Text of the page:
Critical voices on the left do need to be heard right now, but the most
pressing task is to conduct self-analyses apropos the conditions now defined
by a successful national campaign that featured and relied on the essentials
of a grassroots organizing model.  Rather than merely reminding us of
Obama's shortcomings, or, as Butler does, of listing the left's minimal
demands that must be met to prevent a 'dramatic and consequential
disillusionment,' the urgent responsibility right now for the critical left
is to dissect this victory and map workable strategies for pushing a
progressive agenda, including in intra-coalition campaigns.  This involves
recalling what kind of thick-skinned work brought us that moment of Election
Night joy, and, just as importantly, to study how the reactionary forces are
likely to respond to this administration.

If we who supported Obama all gulped a bit of the Kool-Aid, for its part the
campaign squeezed the tube.  The grassroots are now out, volunteers by the
thousands, trained and invested?one might even say habituated?and the more
the theoreticians among us attend to the strategic tasks of continued
organizing, based on the actualities of activist work plus the lessons of
the campaign recently won, the more the grassroots element will evolve and
mature.  Ideally, Obama-identified grassroots constituencies and work forces
will grow to become not fully directable by Obama, and will have the
potential to outlast him.  Progressive dreams have always included building
movements with leverage over national politicians, and here we have the
chance.  So even though I agree when Butler says many of us '"set aside" our
concerns in order to enjoy the extreme un-ambivalence of this moment,' I
think her worries about uncritical exuberance are, while not necessarily
overstated, somewhat misplaced.  When those of us who are committed to full
gay rights, or Palestinian rights, or another progressive cause that goes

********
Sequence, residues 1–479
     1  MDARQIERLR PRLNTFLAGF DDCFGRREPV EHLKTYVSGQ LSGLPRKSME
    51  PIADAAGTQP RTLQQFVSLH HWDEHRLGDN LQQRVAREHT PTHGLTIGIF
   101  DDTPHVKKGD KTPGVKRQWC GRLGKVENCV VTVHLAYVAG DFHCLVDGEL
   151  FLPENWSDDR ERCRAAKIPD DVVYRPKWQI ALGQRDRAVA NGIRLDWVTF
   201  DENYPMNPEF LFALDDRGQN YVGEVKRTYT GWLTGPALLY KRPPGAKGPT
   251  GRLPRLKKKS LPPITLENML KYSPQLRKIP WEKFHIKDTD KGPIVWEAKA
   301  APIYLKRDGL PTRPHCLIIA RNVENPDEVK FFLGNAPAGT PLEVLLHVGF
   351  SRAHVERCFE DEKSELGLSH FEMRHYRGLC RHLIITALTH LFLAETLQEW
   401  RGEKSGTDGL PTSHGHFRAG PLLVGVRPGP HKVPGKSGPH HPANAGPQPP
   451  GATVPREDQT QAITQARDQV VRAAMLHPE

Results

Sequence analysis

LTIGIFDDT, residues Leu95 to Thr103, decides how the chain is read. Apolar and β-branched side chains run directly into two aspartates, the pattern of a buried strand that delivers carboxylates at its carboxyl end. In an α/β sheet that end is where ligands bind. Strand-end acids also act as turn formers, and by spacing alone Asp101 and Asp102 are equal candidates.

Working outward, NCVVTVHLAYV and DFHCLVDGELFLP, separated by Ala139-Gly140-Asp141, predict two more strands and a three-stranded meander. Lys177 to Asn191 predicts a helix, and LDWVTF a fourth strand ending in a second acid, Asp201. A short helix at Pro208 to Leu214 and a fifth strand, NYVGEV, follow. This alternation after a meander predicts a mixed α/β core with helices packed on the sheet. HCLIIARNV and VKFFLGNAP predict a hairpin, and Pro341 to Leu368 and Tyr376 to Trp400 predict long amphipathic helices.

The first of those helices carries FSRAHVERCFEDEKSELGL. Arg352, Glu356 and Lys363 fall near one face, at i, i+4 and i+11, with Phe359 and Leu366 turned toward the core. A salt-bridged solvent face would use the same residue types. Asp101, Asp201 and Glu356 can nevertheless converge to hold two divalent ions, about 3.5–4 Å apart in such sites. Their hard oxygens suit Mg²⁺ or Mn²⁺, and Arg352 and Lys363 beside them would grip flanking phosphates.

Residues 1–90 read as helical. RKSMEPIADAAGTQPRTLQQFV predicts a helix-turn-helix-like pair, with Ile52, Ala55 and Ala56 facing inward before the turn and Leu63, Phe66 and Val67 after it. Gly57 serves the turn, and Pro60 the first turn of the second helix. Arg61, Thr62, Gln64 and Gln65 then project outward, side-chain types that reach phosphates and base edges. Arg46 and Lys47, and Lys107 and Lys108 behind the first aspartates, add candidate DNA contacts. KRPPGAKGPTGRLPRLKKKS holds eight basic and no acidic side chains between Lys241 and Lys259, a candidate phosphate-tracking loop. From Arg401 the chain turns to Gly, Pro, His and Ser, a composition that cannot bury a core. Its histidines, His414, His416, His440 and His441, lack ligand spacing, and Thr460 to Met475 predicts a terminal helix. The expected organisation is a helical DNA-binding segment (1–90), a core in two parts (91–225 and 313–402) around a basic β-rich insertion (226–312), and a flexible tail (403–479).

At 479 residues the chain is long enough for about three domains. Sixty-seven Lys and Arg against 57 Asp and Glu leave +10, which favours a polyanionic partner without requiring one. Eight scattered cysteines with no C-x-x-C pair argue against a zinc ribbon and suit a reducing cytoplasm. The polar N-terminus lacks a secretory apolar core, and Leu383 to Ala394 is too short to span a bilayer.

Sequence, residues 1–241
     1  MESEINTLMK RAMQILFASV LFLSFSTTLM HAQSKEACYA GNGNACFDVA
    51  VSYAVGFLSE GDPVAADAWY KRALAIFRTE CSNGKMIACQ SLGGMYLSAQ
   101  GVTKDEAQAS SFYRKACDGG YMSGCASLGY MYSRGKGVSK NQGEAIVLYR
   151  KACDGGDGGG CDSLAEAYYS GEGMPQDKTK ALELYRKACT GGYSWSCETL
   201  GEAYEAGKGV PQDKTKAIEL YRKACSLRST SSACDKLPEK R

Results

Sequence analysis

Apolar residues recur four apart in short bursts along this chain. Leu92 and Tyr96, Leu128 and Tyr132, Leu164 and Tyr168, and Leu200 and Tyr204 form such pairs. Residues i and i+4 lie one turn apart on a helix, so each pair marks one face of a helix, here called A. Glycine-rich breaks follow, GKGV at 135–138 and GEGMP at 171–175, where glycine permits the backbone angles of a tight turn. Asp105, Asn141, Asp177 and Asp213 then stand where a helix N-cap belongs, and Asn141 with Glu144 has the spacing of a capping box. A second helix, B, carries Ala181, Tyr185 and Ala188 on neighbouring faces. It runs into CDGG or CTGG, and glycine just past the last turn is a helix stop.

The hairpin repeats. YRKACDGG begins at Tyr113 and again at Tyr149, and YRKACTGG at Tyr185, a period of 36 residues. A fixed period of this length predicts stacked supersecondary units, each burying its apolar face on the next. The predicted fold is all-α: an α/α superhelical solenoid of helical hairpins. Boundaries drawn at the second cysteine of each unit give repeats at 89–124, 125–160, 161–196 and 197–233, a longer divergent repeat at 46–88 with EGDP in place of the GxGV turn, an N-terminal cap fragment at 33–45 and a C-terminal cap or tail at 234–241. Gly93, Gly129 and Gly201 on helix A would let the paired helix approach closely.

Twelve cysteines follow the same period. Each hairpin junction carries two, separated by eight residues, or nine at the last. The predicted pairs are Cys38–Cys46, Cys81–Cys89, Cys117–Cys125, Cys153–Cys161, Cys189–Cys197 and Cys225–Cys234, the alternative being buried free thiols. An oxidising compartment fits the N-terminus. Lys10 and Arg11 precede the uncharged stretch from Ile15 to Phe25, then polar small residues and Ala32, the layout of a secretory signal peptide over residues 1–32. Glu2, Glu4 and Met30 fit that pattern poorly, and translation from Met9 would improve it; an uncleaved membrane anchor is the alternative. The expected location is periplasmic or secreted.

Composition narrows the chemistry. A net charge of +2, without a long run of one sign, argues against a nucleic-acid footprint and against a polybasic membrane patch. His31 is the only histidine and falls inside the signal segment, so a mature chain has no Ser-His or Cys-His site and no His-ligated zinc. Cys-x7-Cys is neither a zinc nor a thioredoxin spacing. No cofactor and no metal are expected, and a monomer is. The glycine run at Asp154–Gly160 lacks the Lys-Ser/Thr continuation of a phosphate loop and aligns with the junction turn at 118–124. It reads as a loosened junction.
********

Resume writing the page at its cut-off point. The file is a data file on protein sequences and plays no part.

against Democratic Party liberal orthodoxy and/or the moderation of Obama
himself, begin the difficult and tedious work of lobbying our
opponents/one-time coalition allies (and their constituents, on their
doorsteps, in their neighborhoods, instead of on our blogs), looking for
those individuals (the ?each and every? of grassroots organizing) who just
may be convinceable but for whatever reason have fallen into the opposing
camp, any lingering good feeling over the election victory will seem very
distant.  But if we show up and do the work, future victories for
progressives in those areas will at least be in the cards.  Whether, why,
and how we should show up to do this work are the questions we need to be
thinking through.  Butler is right in identifying that space of a 'critical
politics' as moving between illusion and cynicism.  Widening that space
depends on our continued political work, that is, on our continual
generation of concrete contestations, the analyses of which will
automatically recalibrate the emotions to a more restrained register, but
would do so without turning to the crutch of measuring Obama's imminent
actions and non-actions according to the default moralism of the left.  And
we do the work to win?precisely so we can feel that feeling again.